Sony has significantly expanded its PlayStation Now roster and lowered the price of the streaming service to push its cloud gaming offering forward.
A monthly PS Now subscription will now cost $9.99 in the United States, down from $19.99 per month. The price of quarterly and annual subscriptions have also been lowered, and will go for $24.99 (previously $44.99) and $59.99 (previously $99.99) respectively.
Explaining those reductions, Sony said it wanted to make PS Now a more "compelling" proposition that's comparable to other entertainment subscription services on the market. Xbox Game Pass, for instance, is already $9.99 per month, while a monthly Stadia Pro subscription will cost $9.99 when Google's streaming service arrives later this year.
Sony has also laid out plans to add more "marquee" titles to PS Now, starting with big names like God of War, Grand Theft Auto V, Infamous Second Son, and Uncharted 4: A Thief's End. Those games will be available until January 2, 2020, and will be joined by new additions each month.
Analysts claim the company's new strategy is designed to maintain its cloud gaming leadership as competitors like Microsoft and Google pick up the pace, but added that PS Now will still play second fiddle behind Sony's core console business for the time being.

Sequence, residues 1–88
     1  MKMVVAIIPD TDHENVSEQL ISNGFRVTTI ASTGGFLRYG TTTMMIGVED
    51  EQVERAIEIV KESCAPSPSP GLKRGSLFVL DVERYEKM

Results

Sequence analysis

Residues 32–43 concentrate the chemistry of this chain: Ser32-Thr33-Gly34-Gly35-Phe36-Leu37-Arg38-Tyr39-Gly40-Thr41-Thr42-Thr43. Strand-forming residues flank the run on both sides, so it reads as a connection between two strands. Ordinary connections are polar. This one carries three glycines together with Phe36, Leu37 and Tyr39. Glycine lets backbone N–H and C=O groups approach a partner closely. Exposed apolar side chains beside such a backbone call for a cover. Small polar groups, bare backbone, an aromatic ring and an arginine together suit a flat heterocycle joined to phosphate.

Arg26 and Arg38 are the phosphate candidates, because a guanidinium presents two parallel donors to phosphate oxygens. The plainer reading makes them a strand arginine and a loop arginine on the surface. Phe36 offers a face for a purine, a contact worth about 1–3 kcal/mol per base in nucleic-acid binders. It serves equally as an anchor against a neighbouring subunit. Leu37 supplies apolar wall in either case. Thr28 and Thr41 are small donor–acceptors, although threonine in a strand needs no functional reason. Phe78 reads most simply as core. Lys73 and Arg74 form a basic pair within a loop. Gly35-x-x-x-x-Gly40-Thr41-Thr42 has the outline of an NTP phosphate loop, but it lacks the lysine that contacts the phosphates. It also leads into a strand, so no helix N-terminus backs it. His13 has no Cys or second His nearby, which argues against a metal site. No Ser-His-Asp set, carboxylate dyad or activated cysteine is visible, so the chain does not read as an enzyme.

"Sony is the biggest cloud gaming operator in the market today. In 2018, the company had a 36 percent share of the overall market and generated $140 million in consumer spending," commented IHS Markit analyst Piers Harding-Rolls.
"While PS Now cannot compete with the first-party day and date releases Microsoft bundles into Xbox Game Pass, PS Now’s offer of streaming, and a bigger catalog of games, at a similar price point, makes Sony’s service a lot more competitive.
"The entire cloud gaming market was worth $387 million in 2018 and is forecast to growth to $630 million in 2019 as new services launch and existing services become more relevant to a broader set of consumers. We predict the cloud gaming market will be worth $2.5 billion by 2023, less than 2% of the overall games market at this time."